Cheese in the Roots

Have you ever read a roman de terroir? Or even better, written one? How do you even translate that? There’s no English equivalent for terroir, which is why you come across so many different translations: land, soil, specific area, region… Or some give up and transpose it wholesale – terroir. The concept is subtle, complex, multi-layered. And French. Very much like wine, in fact, which isn’t surprising since that’s where it springs from and where its core meaning still lies. It’s the unique combination of soil, climate and topography that gives the distinctive flavour to a vineyard’s production. You can do all you want with modern techniques but you can’t change the terroir. It’s what was given by nature.

As a result, it has the connotation of authentic, rooted in tradition, something that will always resist the onslaught of machinery. And that’s reassuring. In a globalised world of carbon emissions, sovereign debt and robots, what better antidote than a quiet afternoon in the company of friends and family, basking in the cradle of the terroir?

Naturally, advertisers latched on to this a while ago. Dairy products especially get the full terroir treatment: elderly peasant with sunny accent and beret, rolling countryside, family values passed from one generation to the next.

Whether we want to call it artistic licence or a lie depends how indulgent we are. But when you look at the ad for La Laitière, you need to pinch yourself when you see who it’s made by. Never was authenticity less authentic.

How much of this sleight of hand (to be charitable) applies to the roman de terroir? Are we being served a rosy vision from the past, complete with cliché and nostalgia sauce? Well, not having read any, I can’t say – which is why I’d love to hear your opinions on this. What I do know is that these novels constitute a genre unto themselves, and a highly popular one too: on average, each title in Terres de France, an imprint specialising in the genre, sells 25000 copies. Again, this appears to be specific to France. To be sure, historical novels abound in English, but the genre is broad and though many do deal with specific regions, the notion of terroir is absent.

Being somewhat rootless myself, I think I’d find it very tricky to write one. But who knows? With sales like that on offer, I might be tempted one day. As long as I don’t make it too cheesy.

This post (managed to get in early this time!) is part of Phoebe’s All About France link up. Check it out for the many and various contributions covering all aspects of French life.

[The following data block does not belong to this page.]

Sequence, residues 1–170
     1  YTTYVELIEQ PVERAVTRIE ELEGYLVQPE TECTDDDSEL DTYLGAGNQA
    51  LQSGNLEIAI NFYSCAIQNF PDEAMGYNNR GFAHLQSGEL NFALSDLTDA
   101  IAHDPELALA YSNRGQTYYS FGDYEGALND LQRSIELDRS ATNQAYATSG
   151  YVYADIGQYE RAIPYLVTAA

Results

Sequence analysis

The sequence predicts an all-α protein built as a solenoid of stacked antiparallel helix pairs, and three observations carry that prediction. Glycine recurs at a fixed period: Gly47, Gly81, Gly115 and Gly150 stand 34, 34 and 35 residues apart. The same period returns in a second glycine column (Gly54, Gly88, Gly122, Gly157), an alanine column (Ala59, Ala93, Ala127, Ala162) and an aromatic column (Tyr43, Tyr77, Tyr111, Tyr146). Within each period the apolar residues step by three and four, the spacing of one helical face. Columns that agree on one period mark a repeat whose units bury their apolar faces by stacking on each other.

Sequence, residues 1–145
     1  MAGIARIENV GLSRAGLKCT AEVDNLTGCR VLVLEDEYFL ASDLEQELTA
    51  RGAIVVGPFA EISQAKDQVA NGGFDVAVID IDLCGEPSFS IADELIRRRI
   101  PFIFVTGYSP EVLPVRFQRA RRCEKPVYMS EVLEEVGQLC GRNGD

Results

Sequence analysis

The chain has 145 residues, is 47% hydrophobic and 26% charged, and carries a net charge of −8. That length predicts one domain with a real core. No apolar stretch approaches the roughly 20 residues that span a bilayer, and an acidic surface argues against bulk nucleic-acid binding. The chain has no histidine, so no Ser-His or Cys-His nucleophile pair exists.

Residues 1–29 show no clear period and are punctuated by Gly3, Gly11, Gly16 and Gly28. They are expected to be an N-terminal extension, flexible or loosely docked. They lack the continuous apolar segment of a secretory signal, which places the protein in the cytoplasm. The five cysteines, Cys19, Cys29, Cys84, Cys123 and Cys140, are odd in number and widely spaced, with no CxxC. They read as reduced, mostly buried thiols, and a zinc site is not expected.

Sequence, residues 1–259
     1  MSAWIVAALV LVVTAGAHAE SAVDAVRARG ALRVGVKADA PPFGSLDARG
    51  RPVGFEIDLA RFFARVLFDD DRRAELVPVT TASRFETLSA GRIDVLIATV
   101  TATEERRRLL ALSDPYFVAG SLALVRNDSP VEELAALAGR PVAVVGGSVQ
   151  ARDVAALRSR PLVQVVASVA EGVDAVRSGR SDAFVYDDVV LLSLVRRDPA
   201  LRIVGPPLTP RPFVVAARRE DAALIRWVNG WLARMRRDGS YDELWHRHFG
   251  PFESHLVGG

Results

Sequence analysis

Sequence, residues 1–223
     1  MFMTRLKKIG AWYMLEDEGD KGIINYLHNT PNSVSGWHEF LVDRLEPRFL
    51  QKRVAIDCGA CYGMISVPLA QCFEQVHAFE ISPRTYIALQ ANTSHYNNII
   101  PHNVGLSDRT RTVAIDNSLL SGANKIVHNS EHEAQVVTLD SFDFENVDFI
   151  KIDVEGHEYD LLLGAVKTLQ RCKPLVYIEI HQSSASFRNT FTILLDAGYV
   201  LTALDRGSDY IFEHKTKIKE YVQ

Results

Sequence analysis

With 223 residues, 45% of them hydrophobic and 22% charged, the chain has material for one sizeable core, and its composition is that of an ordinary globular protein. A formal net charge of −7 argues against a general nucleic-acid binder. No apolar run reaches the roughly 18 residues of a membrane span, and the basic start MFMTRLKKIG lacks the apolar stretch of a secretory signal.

Lou Messugo



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  1. You’re completely right!!!!! The word terror (in Spanish) has no the same strength in English, the have to use “terror”, afraid is not the same, thiller… the same…I like English language. In these days I’m reading a book from my friend Seumas Gallacher “The Violin Man’s legacy” , and quite true… ir’s difficult to translate some words from French or Spanish, it seems they are stronger in a way. That’s my opinion….
    But you command French and English so, you can wirite whatever you like….

  2. Yes… grammar in English is easier…but i’m sure you could give a try!!!!! do it!!!!!!

  3. Hey, there’s always google translate:

    Leave the poor man approach so that we see clearly. His cap slouch goes awry, the bag slung over his shoulder subsidence. Each step sloughs the dust of the road, a bitter fog hanging over the air foul.

    Watch out, Emile Zola!

  4. I help to run our small French Village library and the names of Christian Laborie and Marie Bernadette Dupuy are ones I know very well. The French ladies of a certain age can’t get enough of them! Unfortunately my reading in French is painfully slow and I have so many books in English (about France) waiting to be read that I haven’t had the time to read any myself. #AllAboutFrance

    • I think there are some very good books among them, but also some dross. But yes, unless the reading is fluent, it gets laborious. Many thanks for your comment – I’m very impressed by all you’ve got on your own site!

  5. So Curtis you got in early and I’m commenting late! This month has just run away with me and the next link up is in 2 days’ time. I’ve never read any terroir novels, nor was I even aware they existed. It is such a very French concept that works perfectly for food and wine but I’m not sure I can picture it in literature. Your example of la Laitière crème pots is excellent, I can’t imagine there’s a less “terroir” company in the world than the mighty and evil Nestlé. Thanks for linking to #AllAboutFrance hope to see you there again in a couple of days.

    • Thanks for the comment, Phoebe, nice to get whenever! I’m travelling right now so I’ll miss this month’s – hope you get lots of great contributions.

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